The city of Seattle is filled with landmarks, both well-known and less well-known. Some of them are major tourist attractions, while others are historic sites that have been designated as landmarks. The city is decorated with several breathtaking landmarks, from the Space Needle and Pike Place Market to historic monuments from the city’s past.
The large city in Washington State has transformed from being a basic port and industrial landscape to becoming an astonishing destination. It is a dynamic city at the frontier of innovation, driven in large part by the thriving economy.
In Seattle, you’ll notice that there are many espresso bars on almost every corner, a testimony to Seattle’s culture and easygoing lifestyles. Attractions such as the Great Ferris Wheel and recreational spaces like boat tours, boat docks, and ferry docks are located at the city’s waterfront and piers, a popular tourist destination.
The city also boasts a magnificent mountain backdrop: to the east stands Mount Rainier National Park, rising above the Cascades. In the west, Olympic National Park’s partly snow-capped peaks rise above the clouds. Visiting Seattle at the right time depends on what type of experience you want. Most people from out of town visit the city during the summer months.
While Seattle is worth exploring over a couple of days, in addition to the city’s parks, beaches, and attractions, there are many day trips from Seattle. A must-see in Olympic National Park, the Hoh Rain Forest exudes nature-lovers romance with moss-laden trees and winding trails.
Here are a few landmarks that are worthy of note:
- Space Needle and Wider Seattle Center
There’s no way you can miss the Space Needle when visiting Seattle. The Seattle Center, where the Space Needle resides, was also built for the 1962 World’s Fair and has a few other landmarks to see.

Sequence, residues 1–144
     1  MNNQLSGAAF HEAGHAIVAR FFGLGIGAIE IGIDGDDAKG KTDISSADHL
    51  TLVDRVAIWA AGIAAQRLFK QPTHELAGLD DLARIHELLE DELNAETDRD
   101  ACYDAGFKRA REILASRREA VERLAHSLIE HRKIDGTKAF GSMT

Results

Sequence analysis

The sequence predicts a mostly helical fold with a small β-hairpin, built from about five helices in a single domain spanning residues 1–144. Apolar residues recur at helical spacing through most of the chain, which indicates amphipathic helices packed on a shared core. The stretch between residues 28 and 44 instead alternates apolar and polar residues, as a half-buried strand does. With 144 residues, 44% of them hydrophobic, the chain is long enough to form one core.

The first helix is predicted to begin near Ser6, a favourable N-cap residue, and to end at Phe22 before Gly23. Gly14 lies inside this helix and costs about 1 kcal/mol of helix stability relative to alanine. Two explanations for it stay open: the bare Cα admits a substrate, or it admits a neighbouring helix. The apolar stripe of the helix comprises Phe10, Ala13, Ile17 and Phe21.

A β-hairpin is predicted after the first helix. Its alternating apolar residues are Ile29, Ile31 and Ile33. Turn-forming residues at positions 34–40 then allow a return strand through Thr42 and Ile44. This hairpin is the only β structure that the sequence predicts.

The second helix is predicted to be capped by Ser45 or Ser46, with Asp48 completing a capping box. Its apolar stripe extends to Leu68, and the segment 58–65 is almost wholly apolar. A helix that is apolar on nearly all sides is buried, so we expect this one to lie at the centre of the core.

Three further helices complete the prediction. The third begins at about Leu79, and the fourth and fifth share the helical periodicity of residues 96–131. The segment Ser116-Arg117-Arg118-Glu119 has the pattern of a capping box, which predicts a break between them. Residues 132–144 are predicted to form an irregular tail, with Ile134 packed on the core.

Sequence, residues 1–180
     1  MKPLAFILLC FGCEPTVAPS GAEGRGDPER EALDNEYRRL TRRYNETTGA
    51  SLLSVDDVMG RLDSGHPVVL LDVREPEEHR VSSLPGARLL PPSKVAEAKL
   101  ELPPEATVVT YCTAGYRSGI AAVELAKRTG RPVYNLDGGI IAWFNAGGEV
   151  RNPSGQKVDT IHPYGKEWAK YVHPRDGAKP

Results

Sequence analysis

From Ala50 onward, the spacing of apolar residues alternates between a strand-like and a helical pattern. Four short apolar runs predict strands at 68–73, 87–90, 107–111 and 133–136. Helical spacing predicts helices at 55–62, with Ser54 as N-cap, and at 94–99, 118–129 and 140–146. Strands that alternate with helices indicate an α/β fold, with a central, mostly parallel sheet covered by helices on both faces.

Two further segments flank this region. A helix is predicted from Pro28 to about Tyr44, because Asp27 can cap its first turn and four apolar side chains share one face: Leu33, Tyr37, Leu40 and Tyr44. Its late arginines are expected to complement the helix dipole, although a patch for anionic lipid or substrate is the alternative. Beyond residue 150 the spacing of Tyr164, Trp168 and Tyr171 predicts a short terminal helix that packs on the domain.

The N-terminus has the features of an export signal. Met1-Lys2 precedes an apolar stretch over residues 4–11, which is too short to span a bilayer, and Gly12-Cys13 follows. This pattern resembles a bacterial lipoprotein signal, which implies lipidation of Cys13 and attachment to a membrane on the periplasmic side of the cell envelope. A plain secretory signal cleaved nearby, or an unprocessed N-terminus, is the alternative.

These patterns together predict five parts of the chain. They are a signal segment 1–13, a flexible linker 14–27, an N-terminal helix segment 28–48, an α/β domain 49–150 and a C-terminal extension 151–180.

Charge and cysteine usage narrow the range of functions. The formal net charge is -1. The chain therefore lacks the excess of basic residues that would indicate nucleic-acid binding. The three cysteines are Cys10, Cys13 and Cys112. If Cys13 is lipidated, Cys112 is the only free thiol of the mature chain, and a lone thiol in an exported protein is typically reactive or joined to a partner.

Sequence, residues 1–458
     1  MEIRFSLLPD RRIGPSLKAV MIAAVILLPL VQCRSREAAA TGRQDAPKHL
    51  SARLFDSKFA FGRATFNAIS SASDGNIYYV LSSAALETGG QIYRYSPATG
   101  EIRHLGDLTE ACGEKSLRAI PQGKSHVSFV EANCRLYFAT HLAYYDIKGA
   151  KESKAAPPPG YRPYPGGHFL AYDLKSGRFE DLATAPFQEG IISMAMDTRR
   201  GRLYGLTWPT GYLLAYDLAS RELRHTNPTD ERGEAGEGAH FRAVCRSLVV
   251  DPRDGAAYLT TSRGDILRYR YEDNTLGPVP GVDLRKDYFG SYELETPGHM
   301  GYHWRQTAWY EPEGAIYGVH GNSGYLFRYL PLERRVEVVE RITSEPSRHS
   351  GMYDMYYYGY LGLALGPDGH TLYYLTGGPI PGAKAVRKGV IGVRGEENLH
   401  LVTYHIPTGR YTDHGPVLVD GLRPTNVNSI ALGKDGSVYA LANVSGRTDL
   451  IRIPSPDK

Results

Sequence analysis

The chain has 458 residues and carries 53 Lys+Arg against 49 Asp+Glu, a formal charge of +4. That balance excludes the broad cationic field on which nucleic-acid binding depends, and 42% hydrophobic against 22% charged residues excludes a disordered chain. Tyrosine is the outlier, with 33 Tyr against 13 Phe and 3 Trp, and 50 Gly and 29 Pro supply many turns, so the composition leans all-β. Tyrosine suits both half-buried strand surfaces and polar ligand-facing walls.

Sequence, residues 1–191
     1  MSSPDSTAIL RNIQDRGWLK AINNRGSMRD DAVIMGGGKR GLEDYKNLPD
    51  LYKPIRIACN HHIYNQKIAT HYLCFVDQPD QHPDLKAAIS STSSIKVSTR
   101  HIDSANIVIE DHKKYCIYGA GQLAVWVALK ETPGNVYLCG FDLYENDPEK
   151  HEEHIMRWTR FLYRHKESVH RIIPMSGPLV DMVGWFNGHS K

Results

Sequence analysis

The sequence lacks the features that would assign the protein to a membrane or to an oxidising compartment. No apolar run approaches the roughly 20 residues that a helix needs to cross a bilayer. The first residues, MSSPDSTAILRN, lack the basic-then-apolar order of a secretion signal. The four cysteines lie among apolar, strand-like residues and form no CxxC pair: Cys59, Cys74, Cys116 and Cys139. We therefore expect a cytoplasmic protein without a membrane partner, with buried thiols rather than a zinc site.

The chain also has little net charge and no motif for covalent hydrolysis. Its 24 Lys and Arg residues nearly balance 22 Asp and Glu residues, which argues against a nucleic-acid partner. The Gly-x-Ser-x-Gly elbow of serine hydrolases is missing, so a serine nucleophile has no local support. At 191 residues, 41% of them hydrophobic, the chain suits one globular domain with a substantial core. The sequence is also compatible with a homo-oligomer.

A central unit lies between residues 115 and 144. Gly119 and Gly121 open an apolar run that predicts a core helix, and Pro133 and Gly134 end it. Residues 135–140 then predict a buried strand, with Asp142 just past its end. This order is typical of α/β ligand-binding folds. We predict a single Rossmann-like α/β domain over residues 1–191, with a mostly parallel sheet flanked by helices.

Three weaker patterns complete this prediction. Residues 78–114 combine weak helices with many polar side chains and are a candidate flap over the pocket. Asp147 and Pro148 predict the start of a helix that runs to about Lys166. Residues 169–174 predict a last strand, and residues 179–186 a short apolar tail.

- Pike Place Market
In the heart of downtown Seattle, Pike Place Market is an iconic attraction. The market was opened in 1907 and has just kept trucking ever since. It is one of America’s oldest continuously operated markets. It is a landmark like none other. You can eat and shop to your hearts’ content.
- Volunteer Park
This large park is similar to Seattle Center in that it has several landmarks that are worth visiting. There is the 1912 glass conservatory constructed to resemble the Crystal Palace in London. As a national historic landmark and Seattle landmark, the Seattle Asian Art Museum (SAAM) is also located in the park.
In 1933, the Seattle Art Museum constructed this Art Deco-style building, which housed the museum’s main collection until 1991.
- Ballard Locks
A landmark, Hiram M. Chittenden Locks in Ballard, or Ballard Locks, offers visitors a glimpse into the maritime traffic surrounding Seattle. The locks are a fun place to visit, as well as a place to learn about the history of the region. Besides allowing boats to move from saltwater to freshwater, the lock system compensates for the elevation difference between the two lakes.